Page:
Scientific Reports. - 2020, vol. 10, no. 1, p. 1121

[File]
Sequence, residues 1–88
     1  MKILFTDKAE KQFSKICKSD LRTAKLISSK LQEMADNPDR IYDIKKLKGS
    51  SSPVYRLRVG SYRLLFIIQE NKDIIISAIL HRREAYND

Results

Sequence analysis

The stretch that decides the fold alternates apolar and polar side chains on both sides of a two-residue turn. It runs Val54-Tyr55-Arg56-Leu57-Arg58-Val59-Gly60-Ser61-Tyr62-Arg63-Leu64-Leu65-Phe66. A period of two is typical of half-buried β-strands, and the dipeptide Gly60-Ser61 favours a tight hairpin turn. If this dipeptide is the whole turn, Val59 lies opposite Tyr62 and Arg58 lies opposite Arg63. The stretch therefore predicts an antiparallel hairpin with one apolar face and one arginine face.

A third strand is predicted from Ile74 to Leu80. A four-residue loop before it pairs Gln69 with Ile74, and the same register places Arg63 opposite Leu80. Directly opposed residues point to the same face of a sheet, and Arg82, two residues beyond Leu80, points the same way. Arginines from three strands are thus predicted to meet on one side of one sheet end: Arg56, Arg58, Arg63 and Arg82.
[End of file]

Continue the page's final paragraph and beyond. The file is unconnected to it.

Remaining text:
The geomagnetic field variations on the continent of Africa are still largely undeciphered for the past two millennia. In spite of archaeological artefacts being reliable recorders of the ancient geomagnetic field strength, only few data have been reported for this continent so far. Here we use the Thellier-Coe and calibrated pseudo- Thellier methods to recover archaeointensity data from Burkina Faso and Ivory Coast (West Africa) from well-dated archaeological artefacts. By combining our 18 new data with previously published data from West Africa, we construct a reference curve for West Africa for the past 2000 years. To obtain a reliable curve of the archaeointensity variation, we evaluate a penalized smoothing spline fit and a stochastic modelling method, both combined with a bootstrap approach. Both intensity curves agree well, supporting the confidence in our proposed intensity variation during this time span, and small differences arise from the different methodologies of treating data and uncertainties. Two prominent peaks at around 740 AD and 1050 AD appear to be common in ours and several reference curves from other locations, indicating a general westward movement from China to Hawaii of a rather stable feature of the geomagnetic field. However, independent smaller peaks that do not correlate in different locations may hint to localized expressions of the geomagnetic field as a result of temporarily varying non-dipole sources.